Mounting inflation created lucrative opportunities for Wall Street’s biggest banks last year, a stark contrast to the millions of households struggling with climbing food and energy bills.

Lenders including Goldman Sachs Group Inc. and JPMorgan Chase & Co. made about $3.9 billion last year from inflation trading, a once-obscure business that deals in bonds and derivatives linked to consumer prices, according to data from Vali Analytics Ltd. in London. That’s almost double what the firms made in 2021 and compares with around $700 million before the Covid pandemic, the data show.

Goldman Sachs made at least $800 million on inflation trades last year, more than any of its rivals, according to people familiar with the matter. That was comfortably ahead of the $450 million the New York-based bank generated in 2021, according to the people, who asked not to be named discussing private information. 

The surge in inflation trading — long a niche business on Wall Street — has helped firms offset a slump in deal-making. The five biggest US investment banks — Goldman, JPMorgan, Citigroup Inc., Bank of America Corp. and Morgan Stanley — boosted fixed-income trading revenue by 28% to $13.3 billion in the fourth quarter of 2022, while fees from advising on mergers and acquisitions and managing stock and bond sales tumbled 53% to $6.3 billion.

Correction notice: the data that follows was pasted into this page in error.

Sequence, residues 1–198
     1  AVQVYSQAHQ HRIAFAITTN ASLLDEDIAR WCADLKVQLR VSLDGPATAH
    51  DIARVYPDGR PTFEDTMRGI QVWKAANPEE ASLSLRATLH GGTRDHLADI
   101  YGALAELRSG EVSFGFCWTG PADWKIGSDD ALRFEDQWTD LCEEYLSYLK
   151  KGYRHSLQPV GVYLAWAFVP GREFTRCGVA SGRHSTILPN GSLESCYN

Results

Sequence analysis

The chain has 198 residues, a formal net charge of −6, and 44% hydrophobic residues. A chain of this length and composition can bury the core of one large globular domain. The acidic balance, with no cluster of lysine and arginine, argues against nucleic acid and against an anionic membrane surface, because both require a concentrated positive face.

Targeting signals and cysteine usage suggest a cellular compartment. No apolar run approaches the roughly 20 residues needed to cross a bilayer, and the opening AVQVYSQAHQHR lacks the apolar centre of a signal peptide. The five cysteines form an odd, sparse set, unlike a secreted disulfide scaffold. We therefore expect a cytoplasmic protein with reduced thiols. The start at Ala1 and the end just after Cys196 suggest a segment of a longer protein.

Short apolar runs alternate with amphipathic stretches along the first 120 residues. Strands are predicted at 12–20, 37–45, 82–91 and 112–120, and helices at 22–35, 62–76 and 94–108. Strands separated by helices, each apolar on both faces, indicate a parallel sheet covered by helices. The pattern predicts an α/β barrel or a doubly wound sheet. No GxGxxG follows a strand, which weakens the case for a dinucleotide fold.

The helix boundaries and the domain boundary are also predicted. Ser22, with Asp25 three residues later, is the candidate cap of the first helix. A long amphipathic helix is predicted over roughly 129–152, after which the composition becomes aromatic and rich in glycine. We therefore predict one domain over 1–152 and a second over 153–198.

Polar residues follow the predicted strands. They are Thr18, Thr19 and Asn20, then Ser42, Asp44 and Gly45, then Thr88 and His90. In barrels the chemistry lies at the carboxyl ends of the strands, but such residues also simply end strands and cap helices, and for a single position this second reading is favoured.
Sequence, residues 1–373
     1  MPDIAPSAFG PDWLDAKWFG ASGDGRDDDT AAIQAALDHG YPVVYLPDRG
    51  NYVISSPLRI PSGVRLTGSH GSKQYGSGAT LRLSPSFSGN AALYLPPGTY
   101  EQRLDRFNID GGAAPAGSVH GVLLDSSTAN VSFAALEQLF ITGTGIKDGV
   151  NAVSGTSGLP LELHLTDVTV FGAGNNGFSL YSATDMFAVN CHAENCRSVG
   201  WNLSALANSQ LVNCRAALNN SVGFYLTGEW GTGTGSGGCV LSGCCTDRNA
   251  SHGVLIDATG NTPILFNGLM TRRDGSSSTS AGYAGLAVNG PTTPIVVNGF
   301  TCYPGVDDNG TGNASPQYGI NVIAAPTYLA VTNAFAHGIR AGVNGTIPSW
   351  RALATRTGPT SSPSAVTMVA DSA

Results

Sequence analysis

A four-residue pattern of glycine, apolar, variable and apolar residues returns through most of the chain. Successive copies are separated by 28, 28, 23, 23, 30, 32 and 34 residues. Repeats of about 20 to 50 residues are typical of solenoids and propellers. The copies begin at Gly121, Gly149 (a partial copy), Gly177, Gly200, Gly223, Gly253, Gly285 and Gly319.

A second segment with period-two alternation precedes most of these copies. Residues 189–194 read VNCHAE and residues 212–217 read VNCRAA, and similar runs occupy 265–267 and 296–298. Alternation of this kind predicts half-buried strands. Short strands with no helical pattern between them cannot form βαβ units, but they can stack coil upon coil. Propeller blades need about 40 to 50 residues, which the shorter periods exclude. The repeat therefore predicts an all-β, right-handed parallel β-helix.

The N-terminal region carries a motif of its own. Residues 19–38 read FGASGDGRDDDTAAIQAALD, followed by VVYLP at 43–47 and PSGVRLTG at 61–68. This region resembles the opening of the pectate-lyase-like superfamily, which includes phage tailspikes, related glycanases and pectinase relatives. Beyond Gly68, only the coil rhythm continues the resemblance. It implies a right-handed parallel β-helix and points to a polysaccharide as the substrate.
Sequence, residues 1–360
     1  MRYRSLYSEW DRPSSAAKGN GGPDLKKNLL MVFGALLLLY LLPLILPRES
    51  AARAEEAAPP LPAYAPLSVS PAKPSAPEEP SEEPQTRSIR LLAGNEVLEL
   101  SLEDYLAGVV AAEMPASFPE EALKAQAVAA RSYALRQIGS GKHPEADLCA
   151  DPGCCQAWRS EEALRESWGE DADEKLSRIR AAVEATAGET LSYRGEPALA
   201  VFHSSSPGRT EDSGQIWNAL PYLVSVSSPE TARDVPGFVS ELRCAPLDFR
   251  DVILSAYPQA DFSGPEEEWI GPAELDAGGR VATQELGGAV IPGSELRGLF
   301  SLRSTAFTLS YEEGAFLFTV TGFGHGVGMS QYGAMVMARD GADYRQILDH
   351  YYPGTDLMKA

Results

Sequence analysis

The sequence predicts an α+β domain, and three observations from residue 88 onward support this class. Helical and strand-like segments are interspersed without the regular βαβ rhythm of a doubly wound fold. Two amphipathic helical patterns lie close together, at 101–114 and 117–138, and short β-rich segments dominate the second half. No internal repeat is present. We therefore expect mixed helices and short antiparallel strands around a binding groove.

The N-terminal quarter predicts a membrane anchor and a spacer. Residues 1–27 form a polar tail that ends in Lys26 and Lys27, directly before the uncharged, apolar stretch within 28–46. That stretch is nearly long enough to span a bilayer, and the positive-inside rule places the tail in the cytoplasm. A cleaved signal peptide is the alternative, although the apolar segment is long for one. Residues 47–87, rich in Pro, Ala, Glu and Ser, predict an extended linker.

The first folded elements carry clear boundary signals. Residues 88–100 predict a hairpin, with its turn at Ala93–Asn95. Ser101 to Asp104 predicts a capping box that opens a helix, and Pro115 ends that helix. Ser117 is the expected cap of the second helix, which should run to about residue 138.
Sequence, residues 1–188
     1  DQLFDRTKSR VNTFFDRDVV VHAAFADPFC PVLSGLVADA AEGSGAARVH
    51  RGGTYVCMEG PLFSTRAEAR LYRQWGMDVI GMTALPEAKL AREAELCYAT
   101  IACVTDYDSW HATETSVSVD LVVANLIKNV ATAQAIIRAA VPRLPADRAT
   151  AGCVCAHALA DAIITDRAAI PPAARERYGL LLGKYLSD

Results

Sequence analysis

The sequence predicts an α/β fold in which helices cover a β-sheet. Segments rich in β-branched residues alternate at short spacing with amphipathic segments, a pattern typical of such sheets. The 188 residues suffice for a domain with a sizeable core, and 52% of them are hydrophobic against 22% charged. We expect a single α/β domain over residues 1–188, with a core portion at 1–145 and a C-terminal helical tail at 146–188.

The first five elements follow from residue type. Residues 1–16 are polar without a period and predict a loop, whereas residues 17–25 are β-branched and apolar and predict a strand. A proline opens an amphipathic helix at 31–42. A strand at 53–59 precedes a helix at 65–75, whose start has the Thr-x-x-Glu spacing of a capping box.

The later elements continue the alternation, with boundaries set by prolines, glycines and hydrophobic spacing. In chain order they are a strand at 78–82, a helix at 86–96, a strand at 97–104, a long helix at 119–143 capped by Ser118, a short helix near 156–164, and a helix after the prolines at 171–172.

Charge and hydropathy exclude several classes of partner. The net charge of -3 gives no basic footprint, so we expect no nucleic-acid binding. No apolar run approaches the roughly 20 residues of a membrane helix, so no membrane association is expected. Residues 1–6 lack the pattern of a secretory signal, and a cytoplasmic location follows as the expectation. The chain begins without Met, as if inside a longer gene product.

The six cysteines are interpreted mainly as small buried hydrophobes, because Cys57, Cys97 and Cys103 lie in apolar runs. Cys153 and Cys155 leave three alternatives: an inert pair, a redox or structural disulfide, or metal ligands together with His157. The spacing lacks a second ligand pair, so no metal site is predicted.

Goldman Sachs’ team includes London-based partner Nikhil Choraria, whose desk has focused in part on derivatives tied to short-term or “front-end” inflation and has profited by correctly predicting the direction of European prices, Bloomberg has previously reported.

Representatives for Goldman, JPMorgan, Citigroup, Bank of America and Morgan Stanley declined to comment on their earnings from inflation.

Interest rates were left at rock-bottom after the 2008 financial crisis, removing a key factor in inflation volatility and making this business a relative backwater for years. But the invasion of Ukraine, supply chain problems and rising energy costs have driven up prices at the quickest pace in decades, creating cost-of-living crises across many parts of the globe. Questions over whether inflation has peaked — and what that means for central banks’ next steps — continue to stir markets.

“The reality is that client portfolios are still very exposed to inflation risk and they will need to consider that more,” said Lindsay Politi, who trades inflation at Connecticut-based One River Asset Management LLC. “The inflation we’re experiencing is pretty structural and I don’t think it will fall back into the range of the 2010s before the pandemic.”

Hedge funds are on the lookout for inflation traders who know how to navigate the industry, and the money can be significantly higher than at a traditional bank. But those who can extract maximum profits from smaller trading books will be the most desirable, said Jason Kennedy, chief executive officer of the recruitment firm Kennedy Group.

“Some are the best of the best because they have the bank’s balance sheet and they wouldn’t be able to do it at a hedge fund,” Kennedy said.

This article was provided by Bloomberg News.